Northeast Asia: A Difficult Road to Common Prosperity and Security

08.09.2017

Joint economic initiatives and security issues in Northeast Asia were at the heart of the discussion at the Valdai Club session in the framework of the Eastern Economic Forum, held on September 6 in Vladivostok. Participants at the session, titled "The Russia–China–Japan–US Quadrangle: Are There Opportunities for Cooperation?" shared their views on the prospects for multilateral cooperation on the economic development of the region and the solution of the North Korean nuclear missile problem.

Igor Morgulov, Deputy Foreign Minister of the Russian Federation, voiced the position of Russia on the regional security issue. According to him, the key problem is the absence in the regional system of indivisible security, which presumes that the security of one party cannot be guaranteed at the expense of others. Only in conditions of security is non-bloc economic cooperation is possible, the deputy minister stressed.

"Most partners in the region share our approaches," Morgulov said. This applies both to individual states and to such important regional organizations as the Association of Southeast Asian Nations (ASEAN).

According to the Russian diplomat, the main challenge to security in the region is the current situation on the Korean peninsula. "The continuing nuclear missile experiments by the DPRK, the buildup of the US military presence, dangerous maneuvers and bellicose rhetoric from both sides - all this has brought the situation to the dangerous edge of a large-scale armed clash with unimaginable and truly catastrophic consequences," he stressed.

Russia, as we know, along with China supported the latest sanctions of the UN Security Council against the DPRK. However, Morgulov noted, Russia does not participate in sanctions that pursue the economic strangulation of North Korea. According to him, it is obvious that the nuclear and missile program will be the last, which the North Koreans will refuse from, whatever deprivations they can suffer.

Russia firmly believes that the North Korean nuclear missile problem can only be solved through negotiations, Morgulov recalled. Jerry Brown, Governor of the State of California, also called for international cooperation in this area. "We need a frank dialogue between Russia, the US, China and Japan," he stressed. The existing barriers in relations lose their significance in the face of the existential threat, which is the nuclear war. All of them require cooperation at a level that does not yet exist, Brown said. The precise challenge is, that despite the differences in the fundamental attitudes it is necessary negotiate and jointly solve common problems.

As a successful example of a peaceful solution of complex security problems, Brown named the Joint Comprehensive Plan of Action (JCPOA) on Iran's nuclear program. Tadashi Maeda, Chief Executive Officer of the Japan Bank for International Cooperation (JBIC), supported his statement. He noted that dialogue could be established if the DPRK is satisfied with the realization of JCPOA.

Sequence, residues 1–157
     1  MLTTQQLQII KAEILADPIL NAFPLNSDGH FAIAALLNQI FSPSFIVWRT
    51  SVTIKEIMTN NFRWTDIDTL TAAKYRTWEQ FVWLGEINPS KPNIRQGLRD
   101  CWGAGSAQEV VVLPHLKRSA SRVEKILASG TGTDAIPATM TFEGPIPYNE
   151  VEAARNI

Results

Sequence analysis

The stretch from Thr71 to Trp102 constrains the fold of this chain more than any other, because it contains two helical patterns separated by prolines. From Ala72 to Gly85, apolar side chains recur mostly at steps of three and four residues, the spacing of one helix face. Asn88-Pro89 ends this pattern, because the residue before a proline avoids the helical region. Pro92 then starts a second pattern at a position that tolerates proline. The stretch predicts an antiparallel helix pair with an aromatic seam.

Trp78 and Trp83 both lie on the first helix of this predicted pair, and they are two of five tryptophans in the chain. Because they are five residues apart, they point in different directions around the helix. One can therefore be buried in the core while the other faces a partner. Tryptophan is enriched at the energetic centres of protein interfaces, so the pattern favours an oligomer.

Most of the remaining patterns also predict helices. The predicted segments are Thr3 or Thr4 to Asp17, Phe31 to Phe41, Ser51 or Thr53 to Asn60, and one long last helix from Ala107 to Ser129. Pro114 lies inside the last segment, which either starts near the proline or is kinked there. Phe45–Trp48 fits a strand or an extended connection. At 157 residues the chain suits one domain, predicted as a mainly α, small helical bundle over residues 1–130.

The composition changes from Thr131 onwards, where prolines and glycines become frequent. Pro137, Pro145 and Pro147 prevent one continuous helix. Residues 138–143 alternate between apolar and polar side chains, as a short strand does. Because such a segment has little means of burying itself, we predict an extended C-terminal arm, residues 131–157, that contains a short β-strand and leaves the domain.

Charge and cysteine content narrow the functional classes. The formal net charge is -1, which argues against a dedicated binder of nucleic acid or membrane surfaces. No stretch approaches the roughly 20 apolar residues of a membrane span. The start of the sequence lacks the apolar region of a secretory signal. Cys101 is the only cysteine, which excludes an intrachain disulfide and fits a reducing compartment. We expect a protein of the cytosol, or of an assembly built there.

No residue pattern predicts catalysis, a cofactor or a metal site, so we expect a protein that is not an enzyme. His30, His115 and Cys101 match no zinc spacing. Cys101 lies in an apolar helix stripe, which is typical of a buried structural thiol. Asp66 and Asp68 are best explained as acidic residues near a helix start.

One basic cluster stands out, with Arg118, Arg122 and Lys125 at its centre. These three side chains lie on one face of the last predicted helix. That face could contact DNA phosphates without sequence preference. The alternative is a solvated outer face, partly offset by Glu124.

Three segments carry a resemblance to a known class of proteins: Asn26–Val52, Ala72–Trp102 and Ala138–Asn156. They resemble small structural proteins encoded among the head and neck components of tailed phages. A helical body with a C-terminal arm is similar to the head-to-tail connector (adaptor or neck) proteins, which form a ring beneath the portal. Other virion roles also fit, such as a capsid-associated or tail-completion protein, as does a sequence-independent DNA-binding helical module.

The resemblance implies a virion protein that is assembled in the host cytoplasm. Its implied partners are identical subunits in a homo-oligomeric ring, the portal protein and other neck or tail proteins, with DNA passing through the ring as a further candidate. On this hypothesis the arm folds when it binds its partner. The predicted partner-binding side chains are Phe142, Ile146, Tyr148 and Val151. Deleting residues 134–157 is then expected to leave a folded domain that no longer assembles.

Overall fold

The question of the reasons for the Iranian nuclear deal’s success caused a lively discussion among the participants of the session. The moderator of the session Edward Luttwak, Senior Associate, Center for Strategic and International Studies (CSIS), pointed out that Iran agreed the JCPOA only because otherwise it could be bombed. Igor Morgulov objected, stating that Iran was not motivated by the fear of being bombed, but by understanding what it could get because of the deal. The DPRK, he said, does not yet understand what it will get politically, and what security guarantees it can expect as a result of the negotiations, the Deputy Foreign Minister said.

Also discussed during the session were regional economic and mainly infrastructure initiatives. Stanislav Voskresensky, Deputy Minister of Economic Development of the Russian Federation, noted in his speech, that in recent years the share of countries of the Asia-Pacific region in Russia's foreign trade has increased from 23 to more than 30 percent. In 2016, Russia's trade with China showed a positive trend, increasing by 4 percent, which is significantly higher than the general growth rate of world trade by 1.3 percent. At the same time, Russia became China's only partner with growing trade turnover.

Responding to Luttwak’s comment, who complained about the lack of international flights to Vladivostok airport, Voskresensky said that in February an international consortium led by the Singapore airport operator Changi Airports International completed the acquisition deal. The consortium intends to turn Vladivostok into a regional transport hub, and for the time it manages the airport the number of passengers has grown by 40%.

Russia is also working to solve the second problem mentioned by Luttwak: the insufficient speed of moving goods across Eurasia from east to west due to infrastructural and administrative limitations. According to Voskresensky, a trade facilitation agreement for Eurasia is under development, whose goal is to make the movement of goods across Eurasia more rapid than is provided for by WTO rules. Among the prospective infrastructure projects he spokeabout the further development of the Northern Sea Route and the construction of a bridge from Sakhalin to the Japanese island of Hokkaido.

Russian participants have repeatedly stressed the need of confluence of the regional economic initiatives, such as the Eurasian partnership, initiated by Russia, and China’s Belt and Road project. As Igor Morgulov noted, the main goal of the Russian activity in the region is to create a system that provides stability and prosperity.

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